Get Information Security Certification & Training
A sure-fire way of getting your resume noticed above the collection of others from newly-aware information security applicants is to get certified. This can be done either by visiting a local college or university (or local professional training centre) or online through the SANS Institute (www.sans.org) or ISACA, where you’ll find a range of courses such one that will give you the training needed to become a Certified Information Security Manager.
Joining ISACA can give you access to a number of information security related certificates, but don’t overlook the power of free courses. If you haven’t trained for some time, and don’t want to make waves in your personal finances, finding free information security courses to give you a good grounding in the topic can set you on the path of further study, perhaps with SANS or ISACA or your local education centre.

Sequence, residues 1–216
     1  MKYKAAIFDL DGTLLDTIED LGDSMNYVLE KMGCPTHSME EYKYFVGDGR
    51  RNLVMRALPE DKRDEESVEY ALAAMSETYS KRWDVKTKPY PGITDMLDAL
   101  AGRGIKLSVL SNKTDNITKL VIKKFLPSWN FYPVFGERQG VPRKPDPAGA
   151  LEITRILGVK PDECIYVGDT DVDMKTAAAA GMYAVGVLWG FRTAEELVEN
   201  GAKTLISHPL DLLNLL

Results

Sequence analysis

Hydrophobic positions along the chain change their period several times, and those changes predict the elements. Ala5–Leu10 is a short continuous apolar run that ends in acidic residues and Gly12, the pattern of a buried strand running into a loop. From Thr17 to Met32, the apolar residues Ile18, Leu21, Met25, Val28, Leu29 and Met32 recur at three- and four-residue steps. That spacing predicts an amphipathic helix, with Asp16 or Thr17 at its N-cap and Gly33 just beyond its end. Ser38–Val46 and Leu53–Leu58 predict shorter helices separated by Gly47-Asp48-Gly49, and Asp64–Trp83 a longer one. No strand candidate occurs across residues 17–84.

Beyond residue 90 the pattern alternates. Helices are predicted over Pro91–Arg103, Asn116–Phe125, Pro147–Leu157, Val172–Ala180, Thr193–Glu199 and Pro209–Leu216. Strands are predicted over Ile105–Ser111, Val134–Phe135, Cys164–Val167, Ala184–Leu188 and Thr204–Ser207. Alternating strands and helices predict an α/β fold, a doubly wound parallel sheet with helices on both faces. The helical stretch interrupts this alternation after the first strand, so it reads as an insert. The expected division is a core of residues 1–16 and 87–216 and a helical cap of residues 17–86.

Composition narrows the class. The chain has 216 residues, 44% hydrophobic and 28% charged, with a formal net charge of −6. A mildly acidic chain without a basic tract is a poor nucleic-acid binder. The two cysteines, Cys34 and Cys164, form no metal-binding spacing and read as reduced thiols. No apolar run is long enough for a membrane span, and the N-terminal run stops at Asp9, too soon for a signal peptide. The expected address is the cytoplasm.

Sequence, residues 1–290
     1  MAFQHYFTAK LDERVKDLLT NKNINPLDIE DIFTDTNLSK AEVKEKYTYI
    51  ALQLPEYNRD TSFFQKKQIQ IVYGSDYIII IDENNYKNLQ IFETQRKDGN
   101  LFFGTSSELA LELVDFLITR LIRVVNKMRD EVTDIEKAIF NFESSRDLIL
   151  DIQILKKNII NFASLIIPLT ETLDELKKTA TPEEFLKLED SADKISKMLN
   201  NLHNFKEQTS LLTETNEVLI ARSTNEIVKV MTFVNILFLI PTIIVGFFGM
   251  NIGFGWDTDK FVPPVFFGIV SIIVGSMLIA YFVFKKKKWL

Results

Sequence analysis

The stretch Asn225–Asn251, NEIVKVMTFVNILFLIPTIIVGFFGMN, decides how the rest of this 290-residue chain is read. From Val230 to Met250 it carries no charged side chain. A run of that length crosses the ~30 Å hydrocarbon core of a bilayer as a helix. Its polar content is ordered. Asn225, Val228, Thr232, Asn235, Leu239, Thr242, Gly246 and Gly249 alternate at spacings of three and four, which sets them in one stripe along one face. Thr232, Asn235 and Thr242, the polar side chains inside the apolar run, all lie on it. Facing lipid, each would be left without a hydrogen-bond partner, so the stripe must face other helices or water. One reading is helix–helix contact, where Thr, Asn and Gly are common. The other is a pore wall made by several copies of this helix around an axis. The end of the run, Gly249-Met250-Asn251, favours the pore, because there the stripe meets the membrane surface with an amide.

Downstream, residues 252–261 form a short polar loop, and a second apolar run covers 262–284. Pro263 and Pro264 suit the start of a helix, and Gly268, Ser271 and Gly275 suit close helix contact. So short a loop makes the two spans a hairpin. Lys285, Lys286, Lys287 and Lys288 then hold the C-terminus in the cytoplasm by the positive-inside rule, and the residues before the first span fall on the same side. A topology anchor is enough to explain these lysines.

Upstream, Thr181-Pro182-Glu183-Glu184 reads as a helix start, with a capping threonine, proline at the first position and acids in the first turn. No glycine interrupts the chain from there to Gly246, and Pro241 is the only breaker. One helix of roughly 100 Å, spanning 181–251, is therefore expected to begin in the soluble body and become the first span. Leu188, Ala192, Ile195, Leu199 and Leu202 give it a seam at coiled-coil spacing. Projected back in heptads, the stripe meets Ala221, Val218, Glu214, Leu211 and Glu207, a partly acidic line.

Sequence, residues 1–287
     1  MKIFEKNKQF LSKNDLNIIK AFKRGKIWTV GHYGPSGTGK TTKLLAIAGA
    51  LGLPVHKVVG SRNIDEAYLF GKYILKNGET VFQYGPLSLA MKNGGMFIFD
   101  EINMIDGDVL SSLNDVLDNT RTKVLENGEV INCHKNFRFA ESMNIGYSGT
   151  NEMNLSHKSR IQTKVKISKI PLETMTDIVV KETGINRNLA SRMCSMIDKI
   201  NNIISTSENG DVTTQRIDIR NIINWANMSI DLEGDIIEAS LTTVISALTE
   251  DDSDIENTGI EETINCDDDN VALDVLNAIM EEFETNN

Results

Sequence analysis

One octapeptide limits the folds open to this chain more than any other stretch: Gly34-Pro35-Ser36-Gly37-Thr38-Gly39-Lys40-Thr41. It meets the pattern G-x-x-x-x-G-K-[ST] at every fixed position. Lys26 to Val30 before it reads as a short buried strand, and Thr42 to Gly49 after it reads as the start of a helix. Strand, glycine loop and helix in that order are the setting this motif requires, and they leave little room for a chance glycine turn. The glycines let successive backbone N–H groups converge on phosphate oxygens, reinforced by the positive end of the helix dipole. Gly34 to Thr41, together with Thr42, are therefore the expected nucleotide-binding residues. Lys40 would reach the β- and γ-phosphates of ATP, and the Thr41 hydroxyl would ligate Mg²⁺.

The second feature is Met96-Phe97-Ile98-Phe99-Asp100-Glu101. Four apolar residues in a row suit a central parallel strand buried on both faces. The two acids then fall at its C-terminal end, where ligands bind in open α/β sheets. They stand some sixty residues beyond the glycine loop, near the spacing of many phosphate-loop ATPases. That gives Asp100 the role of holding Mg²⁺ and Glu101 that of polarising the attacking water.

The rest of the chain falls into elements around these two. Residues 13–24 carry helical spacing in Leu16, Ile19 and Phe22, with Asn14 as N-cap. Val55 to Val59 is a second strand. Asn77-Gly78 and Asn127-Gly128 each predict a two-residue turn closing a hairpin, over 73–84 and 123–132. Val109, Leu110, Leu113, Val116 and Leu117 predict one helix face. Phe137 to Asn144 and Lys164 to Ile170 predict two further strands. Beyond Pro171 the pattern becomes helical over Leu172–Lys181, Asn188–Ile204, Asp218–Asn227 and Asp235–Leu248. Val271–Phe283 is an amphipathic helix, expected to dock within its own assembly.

Cory Doctorow is the guide to this free cyber security course from the Open University.
Read about Information Security Regularly
While it is a good idea to regularly check those Twitter accounts we shared previously, find other resources and read them daily, or at the very least, weekly. Our own security section mixes topical security with need-to-know security tips, but we’d be doing you a disservice by suggesting you don’t read other sites!